My group Research

 

starbursts with alma

 
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Some galaxies produce stars at a frenzied pace, going through the available reservoir of gas in a very short time. What is at the root of the starburst phenomenon? What drives the short timescales and high efficiencies? What controls the length of the star formation episode: gas depletion, or feedback that prevents further star formation?


This is our image of molecular gas in NGC 253, one of the nearest starbursts (Bolatto et al. 2013). It was featured in Nature as one of the 2013 images of the year.

Normal galaxies at low and high redshift

Most galaxies live rather settled lives and evolve passively, gathering gas from the “cosmic web” or minor mergers and converting it to stars. Indeed, the tightness of the relation between star formation activity and galaxy mass at different redshifts indicates this is the main mode of evolution for galaxies that are not very massive. What regulates the conversion of gas into stars in normal galaxies?


This shows our study of molecular gas in the PHIBSS sample of normal galaxies at redshifts of 1 to 3 (Tacconi et al. 2013).

The abundance of heavy elements (the metallicity) of the interstellar medium increases steadily from the earliest galaxies to present day systems. This abundance has profound effects on many processes taking place in galaxies, particularly the thermodynamics of the neutral phases and the photodissociation of the molecular phase. Many of these effects are mediated by the abundance of dust. What sets the dust-to-gas ratio in the ISM? How does it change with heavy element abundance or other galaxy parameters? How does it change within galaxies?


On the top left is our detection of FIR dust emission in one of the lowest metallicity galaxies (I Zw 18) and the measurement of its dust mass (Fisher et al. 2014). On the bottom left is our study of relation between gas and star formation in the Large Magellanic Cloud (Jameson et al. in prep.)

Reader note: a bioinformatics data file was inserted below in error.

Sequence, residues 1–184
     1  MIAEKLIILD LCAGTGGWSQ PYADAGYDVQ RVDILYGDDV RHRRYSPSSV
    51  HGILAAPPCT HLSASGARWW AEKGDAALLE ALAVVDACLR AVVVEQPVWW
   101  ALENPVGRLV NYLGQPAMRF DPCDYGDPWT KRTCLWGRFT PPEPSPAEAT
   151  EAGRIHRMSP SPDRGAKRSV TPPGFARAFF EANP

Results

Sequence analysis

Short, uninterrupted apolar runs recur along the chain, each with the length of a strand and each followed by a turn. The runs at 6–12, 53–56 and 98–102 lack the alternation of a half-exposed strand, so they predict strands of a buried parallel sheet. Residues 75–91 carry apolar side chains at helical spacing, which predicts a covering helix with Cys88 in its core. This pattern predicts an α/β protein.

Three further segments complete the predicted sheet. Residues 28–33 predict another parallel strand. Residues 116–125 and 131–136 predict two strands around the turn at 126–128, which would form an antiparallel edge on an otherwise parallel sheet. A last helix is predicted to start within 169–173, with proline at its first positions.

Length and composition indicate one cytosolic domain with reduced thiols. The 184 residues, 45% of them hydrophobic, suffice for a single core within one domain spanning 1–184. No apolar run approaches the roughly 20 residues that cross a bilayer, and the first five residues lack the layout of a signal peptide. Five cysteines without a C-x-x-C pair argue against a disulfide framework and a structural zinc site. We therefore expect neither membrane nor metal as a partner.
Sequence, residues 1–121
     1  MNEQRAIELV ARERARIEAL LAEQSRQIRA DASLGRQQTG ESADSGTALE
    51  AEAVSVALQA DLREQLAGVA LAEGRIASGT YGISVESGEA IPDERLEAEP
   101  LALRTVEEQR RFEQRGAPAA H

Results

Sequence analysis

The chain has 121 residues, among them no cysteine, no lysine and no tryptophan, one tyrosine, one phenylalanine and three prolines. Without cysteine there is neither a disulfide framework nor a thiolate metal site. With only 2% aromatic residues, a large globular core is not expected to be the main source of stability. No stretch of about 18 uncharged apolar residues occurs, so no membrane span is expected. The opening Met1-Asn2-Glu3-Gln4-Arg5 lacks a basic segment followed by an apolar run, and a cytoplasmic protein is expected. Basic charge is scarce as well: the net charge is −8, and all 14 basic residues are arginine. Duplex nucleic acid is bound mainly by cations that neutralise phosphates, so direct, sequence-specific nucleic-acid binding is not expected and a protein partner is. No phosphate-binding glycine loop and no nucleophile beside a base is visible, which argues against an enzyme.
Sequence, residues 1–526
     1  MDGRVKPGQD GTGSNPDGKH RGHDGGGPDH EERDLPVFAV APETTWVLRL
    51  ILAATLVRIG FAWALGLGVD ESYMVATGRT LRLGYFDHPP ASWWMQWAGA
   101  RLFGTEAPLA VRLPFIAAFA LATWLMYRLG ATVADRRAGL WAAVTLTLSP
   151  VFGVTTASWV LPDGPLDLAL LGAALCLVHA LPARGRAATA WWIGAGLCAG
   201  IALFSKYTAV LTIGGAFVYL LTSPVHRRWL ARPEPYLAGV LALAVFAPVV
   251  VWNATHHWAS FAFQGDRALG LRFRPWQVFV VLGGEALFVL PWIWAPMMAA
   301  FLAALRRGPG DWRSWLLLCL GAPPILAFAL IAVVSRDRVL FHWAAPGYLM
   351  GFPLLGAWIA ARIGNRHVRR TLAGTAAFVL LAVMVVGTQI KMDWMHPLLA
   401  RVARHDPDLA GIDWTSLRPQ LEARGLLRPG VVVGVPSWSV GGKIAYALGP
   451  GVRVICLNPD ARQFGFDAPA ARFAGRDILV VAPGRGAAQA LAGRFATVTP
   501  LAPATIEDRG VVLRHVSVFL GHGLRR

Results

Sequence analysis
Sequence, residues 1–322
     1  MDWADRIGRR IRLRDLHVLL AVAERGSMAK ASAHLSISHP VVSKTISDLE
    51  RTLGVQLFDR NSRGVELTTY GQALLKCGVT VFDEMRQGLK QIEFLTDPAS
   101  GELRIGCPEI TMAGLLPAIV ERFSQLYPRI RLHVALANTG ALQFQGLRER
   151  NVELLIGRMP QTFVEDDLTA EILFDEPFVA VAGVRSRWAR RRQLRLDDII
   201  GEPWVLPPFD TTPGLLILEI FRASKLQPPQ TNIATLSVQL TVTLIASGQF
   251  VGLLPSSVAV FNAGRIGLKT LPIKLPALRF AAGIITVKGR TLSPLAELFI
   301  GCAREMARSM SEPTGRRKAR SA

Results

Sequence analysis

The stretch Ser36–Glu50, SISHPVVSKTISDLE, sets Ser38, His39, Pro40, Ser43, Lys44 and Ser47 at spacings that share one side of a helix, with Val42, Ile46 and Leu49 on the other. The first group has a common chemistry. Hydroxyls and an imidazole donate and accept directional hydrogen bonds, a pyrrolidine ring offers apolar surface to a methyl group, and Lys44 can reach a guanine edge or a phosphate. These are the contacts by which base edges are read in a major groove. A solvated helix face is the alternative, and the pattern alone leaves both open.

The ism at low metallicities

Carbon monoxide is a very abundant molecule in the ISM with low energy transitions that are excited at very low temperatures. Therefore it is used to trace the molecular hydrogen gas that makes the bulk of the molecular mass of galaxies. How good is it as a quantitative tracer of molecular mass? How does the CO-to-H2 conversion change with galaxy properties? What are the physical processes that cause these changes?


On the right is a plot from our recent ARAA review on this topic, summarizing the changes observed in very high density systems and our suggested parametrization (Bolatto et al. 2013).

Using CO emission to measure molecular masses

Katie Jameson

Rodrigo Herrera-Camus

Steven Warren

David B. Fisher

dark matter in galaxies: the central density profile

The masses of galaxies and galaxy clusters are dominated by dark matter, which makes up a fraction of all matter that is 5 times larger than normal baryons. Early dark-matter-only simulations showed that cold dark matter reaches very high densities in galaxy centers. Measurements of the distribution of dark matter provide clues to the process of galaxy formation and the relative importance of mechanisms that redistribute it within galaxies. What is the dark matter density profile in galaxy centers? How does it change with galaxy properties?


On the left is a combined CO and Ha from Simon et al. (2005). We have recently been awarded time at Palomar and CARMA to carry out similar work on a much larger sample.

understanding Far-infrared fine-structure transitions

Some of the brightest far-infrared and submillimeter-wave lines in galaxies are fine-structure transitions from the interstellar medium. They carry a wealth of information and can be studied from the ground with instruments such as ALMA for sources at medium and high redshifts. For local galaxies, many of these lines can be studied from space with Herschel or using an stratospheric observatory like SOFIA.


On the right is our work relating ionized carbon [CII] emission to the star formation rate in normal galaxies, using data from the Herschel KINGFISH project (Herrera-Camus et al. in prep.)